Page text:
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Finalised Fife Structure Plan - fierce and widespread opposition to massive house-building programme
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Council resists army of opposition to 30,000-home development

Rob Edwards, The Sunday Herald, 26 January 2008

A Scottish local authority has been accused of trying to bulldoze through plans for more than 30,000 new houses that would increase pollution, wreck the countryside and damage democracy.

The massive house-building programme being proposed by Fife Council has run into fierce and widespread opposition from government agencies, neighbouring councils, environmental organisations and scores of residents' groups. In total, more than 2500 objections have been lodged.

Public consultations have amounted to "gerrymandering" and population projections have been "seriously misleading", local residents claim. And the prospect of constructing so many new houses is alleged to have triggered "a feeding frenzy" among developers.

Yet Fife Council is determined to push through the plans, which it sees as essential for the area's economic growth. The plans are now with Scottish ministers and are due to be put out for a final round of public consultation in the next two weeks.

The housing expansion scheme is set out in Fife's revised structure plan, which determines development across the region from now until 2026. It envisages a total of 30,930 new houses, including 12,680 near Glenrothes and Kirkcaldy, 12,150 around Dunfermline, 3850 around St Andrews and 2250 around Cupar.

But the scale and the nature of the proposed development has appalled communities throughout the region. "This structure plan is a developer-led juggernaut," said Penny Uprichard from St Andrews, an executive member of the Association for the Protection of Rural Scotland.

"Objections have been ignored, consultations and decisions manipulated," she added. "The aim is to cover Fife, and particularly St Andrews and Cupar, in concrete."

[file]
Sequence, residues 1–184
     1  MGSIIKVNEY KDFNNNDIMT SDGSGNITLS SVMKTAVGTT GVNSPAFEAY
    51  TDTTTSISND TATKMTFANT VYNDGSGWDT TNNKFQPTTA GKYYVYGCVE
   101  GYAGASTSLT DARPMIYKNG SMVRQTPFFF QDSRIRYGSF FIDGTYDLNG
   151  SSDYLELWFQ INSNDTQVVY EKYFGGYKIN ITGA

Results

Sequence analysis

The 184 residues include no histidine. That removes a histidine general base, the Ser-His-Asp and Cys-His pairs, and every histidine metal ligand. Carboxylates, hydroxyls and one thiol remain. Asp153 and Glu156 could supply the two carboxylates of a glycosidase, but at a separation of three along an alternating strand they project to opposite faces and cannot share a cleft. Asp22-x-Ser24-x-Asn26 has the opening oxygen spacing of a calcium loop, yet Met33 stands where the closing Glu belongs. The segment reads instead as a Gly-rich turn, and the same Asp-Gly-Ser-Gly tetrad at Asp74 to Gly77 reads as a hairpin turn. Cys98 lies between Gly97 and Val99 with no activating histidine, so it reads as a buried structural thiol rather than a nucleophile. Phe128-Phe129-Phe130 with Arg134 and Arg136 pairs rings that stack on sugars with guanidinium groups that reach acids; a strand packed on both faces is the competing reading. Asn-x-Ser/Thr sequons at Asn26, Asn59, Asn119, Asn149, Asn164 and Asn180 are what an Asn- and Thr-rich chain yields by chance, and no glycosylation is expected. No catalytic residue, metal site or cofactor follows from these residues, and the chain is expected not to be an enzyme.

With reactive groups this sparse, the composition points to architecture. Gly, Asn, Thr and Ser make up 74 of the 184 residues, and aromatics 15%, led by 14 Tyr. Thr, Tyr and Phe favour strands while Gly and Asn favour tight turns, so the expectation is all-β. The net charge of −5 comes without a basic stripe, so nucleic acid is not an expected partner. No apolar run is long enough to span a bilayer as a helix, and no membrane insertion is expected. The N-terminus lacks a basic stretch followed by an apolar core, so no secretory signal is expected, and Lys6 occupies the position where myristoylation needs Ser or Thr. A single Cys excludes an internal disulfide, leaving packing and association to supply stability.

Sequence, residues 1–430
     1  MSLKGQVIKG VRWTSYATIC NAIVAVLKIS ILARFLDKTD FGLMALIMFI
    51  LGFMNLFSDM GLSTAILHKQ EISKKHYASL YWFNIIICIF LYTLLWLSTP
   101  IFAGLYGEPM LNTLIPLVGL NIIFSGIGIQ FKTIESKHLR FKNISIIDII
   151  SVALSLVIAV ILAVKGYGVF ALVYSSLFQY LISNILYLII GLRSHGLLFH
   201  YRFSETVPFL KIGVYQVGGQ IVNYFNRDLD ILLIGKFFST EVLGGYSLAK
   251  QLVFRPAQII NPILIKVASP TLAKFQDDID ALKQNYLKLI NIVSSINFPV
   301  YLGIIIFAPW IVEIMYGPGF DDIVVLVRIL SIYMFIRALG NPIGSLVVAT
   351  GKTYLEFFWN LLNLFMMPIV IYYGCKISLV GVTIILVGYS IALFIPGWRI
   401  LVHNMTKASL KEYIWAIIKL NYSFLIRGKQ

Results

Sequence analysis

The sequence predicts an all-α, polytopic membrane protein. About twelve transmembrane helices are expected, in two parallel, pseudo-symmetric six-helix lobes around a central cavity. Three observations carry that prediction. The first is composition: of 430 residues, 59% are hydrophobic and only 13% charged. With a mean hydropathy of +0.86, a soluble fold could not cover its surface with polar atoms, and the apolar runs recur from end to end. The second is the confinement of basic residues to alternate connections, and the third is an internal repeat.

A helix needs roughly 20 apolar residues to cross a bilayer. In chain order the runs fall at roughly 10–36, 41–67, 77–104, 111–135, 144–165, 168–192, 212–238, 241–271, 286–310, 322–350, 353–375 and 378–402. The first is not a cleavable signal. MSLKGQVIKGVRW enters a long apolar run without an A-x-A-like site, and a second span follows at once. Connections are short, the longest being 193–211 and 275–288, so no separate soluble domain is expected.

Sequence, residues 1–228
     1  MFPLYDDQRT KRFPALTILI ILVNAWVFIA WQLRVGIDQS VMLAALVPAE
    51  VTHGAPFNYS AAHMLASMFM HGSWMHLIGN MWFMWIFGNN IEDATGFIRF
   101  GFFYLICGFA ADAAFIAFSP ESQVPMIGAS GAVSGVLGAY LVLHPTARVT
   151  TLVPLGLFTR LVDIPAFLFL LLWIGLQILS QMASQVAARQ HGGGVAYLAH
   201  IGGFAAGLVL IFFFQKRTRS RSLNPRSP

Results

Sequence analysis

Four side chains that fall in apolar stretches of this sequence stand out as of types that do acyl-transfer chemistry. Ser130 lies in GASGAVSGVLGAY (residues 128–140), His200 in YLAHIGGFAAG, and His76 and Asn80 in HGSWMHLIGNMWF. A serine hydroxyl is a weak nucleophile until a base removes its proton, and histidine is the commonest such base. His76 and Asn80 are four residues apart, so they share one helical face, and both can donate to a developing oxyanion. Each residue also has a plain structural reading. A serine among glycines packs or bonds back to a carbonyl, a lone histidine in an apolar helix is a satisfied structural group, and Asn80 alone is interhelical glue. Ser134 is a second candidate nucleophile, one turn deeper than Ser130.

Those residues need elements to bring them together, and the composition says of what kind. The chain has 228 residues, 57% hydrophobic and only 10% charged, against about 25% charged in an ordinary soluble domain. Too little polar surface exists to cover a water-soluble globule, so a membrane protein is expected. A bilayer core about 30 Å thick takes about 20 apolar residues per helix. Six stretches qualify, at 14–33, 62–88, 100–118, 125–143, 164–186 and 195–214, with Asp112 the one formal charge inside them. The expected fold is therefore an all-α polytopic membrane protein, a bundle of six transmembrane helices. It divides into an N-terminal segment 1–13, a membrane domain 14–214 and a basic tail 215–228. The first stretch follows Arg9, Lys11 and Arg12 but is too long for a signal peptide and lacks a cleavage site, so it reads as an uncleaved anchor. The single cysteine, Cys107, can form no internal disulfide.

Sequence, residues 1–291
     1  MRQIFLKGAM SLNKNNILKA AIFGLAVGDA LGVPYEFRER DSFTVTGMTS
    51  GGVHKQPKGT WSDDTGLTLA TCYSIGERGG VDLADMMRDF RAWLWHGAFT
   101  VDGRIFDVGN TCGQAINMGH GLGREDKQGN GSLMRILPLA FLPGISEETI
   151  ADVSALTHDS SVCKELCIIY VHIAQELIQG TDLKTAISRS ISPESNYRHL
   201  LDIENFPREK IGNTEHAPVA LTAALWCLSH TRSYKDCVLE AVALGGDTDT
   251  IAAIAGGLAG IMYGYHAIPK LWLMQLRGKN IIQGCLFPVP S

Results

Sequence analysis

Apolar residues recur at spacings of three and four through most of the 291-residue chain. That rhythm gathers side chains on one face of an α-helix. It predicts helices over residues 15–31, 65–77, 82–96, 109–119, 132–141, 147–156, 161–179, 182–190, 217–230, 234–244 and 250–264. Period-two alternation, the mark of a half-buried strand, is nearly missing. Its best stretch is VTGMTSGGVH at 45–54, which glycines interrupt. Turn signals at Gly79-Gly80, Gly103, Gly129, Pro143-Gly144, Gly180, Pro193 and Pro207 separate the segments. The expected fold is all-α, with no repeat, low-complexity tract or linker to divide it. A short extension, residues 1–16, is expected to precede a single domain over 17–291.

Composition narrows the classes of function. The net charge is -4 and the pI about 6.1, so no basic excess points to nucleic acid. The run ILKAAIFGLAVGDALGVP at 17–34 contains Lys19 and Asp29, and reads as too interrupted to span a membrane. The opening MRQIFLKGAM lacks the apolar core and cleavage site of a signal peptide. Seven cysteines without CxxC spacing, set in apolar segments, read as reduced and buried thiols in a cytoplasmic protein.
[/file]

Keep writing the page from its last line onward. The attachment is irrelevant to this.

Lack of trust in the Fife planning process had hit "rock bottom", argued Uprichard, who is also involved with the Green Belt Forum and the St Andrews Preservation Trust. "The structure plan is the most undemocratic process ever to have been visited upon Fife, or perhaps Scotland."

The 2500 objections to the structure plan in 2006, and a further 310 comments on a revised housing land appraisal last year, have been brushed aside, Uprichard claimed.

Among the objectors are three of the government's own watchdogs: Historic Scotland, the Scottish Environment Protection Agency and Scottish Natural Heritage (SNH).

Niall Corbet, of the SNH, said: "The plan gave undue weight to economic considerations at the expense of environmental concerns. The location of the strategic development areas was determined without due consideration of environmental constraints and failed to properly address issues such as designated sites, biodiversity, flood risk and sensitive landscapes."

Fife's plans were also opposed by Dundee and Edinburgh councils, who are reluctant to encourage commuting across the Tay and the Forth. Other objectors included the Royal Society for the Protection of Birds, the Scottish Wildlife Trust and dozens of community councils.

According to Dr Ian Goudie, vice-chairman of the St Andrews Community Council, the plans failed to take account of the climate pollution they would cause by increasing travel. The council had a "fixation with economic development at the expense of the environment," he said.

Goudie, a statistician at St Andrews University, also accused the council of greatly exaggerating the need for new housing.

Fife Council, however, defended its plans, saying that all the latest responses will be made available. Pamela Ewen, the council's strategic team leader, said: "Scottish ministers will make the final decision on Fife's finalised structure plan taking into account of all the comments made."

Councillor John Beare, who chairs Fife's planning committee, said: "We are committed to presenting a sustainable vision for economic growth, regeneration and protection of the diverse areas of Fife. A robust structure plan, sound environmental policies and up-to-date local plans can help us achieve this."

A spokesman for the Scottish government confirmed that Fife's plans were now under consideration by ministers, and another consultation was about to be launched.

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